I think people who don’t like comics have not found the right comic yet. I say the same thing of poetry. I haven’t found the right comic for me yet. I admit I haven’t started reading comics, but I do search for them. I think I have a difficult time, because my narrative style and artistic style are at odds. My literary tastes are in realism, or at furthest magical realism; my art tastes lean toward the abstract. A gap has not been bridged thus far, but I will find a comic some day. Recommendations welcomed. But it does take both to appeal to someone, both an appealing narrative or literary side and inviting artwork. That is the risk of such an art form. With the freedom to display your ideas pictorially comes the responsibility of displaying your ideas pictorially in addition to text. But the rewards, as I have heard from friends, are highly worth it.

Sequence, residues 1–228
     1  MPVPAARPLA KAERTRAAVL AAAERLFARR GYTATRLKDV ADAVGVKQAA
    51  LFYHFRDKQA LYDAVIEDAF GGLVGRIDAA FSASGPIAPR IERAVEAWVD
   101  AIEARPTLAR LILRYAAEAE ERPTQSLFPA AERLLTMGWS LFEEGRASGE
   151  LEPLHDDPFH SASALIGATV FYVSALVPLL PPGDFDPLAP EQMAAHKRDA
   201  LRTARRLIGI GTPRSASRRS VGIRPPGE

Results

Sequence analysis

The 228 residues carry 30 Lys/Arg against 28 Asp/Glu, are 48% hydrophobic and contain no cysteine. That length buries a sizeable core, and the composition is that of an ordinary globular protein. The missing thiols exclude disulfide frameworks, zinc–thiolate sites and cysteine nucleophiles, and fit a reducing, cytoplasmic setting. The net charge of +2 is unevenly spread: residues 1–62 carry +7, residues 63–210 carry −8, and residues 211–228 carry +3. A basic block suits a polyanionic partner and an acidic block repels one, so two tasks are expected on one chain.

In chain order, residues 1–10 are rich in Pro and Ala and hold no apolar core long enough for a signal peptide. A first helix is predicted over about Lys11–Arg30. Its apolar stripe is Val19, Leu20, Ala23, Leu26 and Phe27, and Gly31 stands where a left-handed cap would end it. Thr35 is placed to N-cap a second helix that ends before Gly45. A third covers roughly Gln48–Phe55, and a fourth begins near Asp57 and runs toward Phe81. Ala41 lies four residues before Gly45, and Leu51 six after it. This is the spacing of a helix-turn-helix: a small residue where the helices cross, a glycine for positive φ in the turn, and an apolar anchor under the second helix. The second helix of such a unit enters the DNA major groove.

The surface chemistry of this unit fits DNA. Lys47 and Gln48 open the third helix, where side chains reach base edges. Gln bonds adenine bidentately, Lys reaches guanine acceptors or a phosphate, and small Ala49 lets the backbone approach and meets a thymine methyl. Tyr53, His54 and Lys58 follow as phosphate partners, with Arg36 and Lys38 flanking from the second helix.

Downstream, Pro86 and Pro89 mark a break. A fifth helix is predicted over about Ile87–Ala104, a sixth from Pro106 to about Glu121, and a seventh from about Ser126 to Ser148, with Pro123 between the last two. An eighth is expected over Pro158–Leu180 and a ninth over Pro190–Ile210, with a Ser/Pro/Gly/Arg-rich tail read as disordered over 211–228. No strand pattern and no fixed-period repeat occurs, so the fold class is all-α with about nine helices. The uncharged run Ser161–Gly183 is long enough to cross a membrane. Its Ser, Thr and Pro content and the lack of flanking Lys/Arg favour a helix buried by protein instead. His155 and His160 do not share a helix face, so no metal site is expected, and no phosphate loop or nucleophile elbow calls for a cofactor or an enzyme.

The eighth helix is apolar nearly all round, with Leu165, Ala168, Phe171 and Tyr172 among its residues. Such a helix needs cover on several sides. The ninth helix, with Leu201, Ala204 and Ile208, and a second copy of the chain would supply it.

In my experience attempting to translate for comics, I found brevity the most difficult issue. I constantly overwrote in German, and I doubt my translation would have been accepted anywhere for publication due to its length. It would not have fit in the speech bubbles. Translating for comics takes a similar, though certainly more extreme, amount of brevity as subtitling. Both are limited in space, but if the subtitle is a tweet of 140 characters, the speech bubble is half a haiku. Space is at a premium.
Cole Konopka is a translator of German to English, a writer, painter. He can be contacted at email@example.com.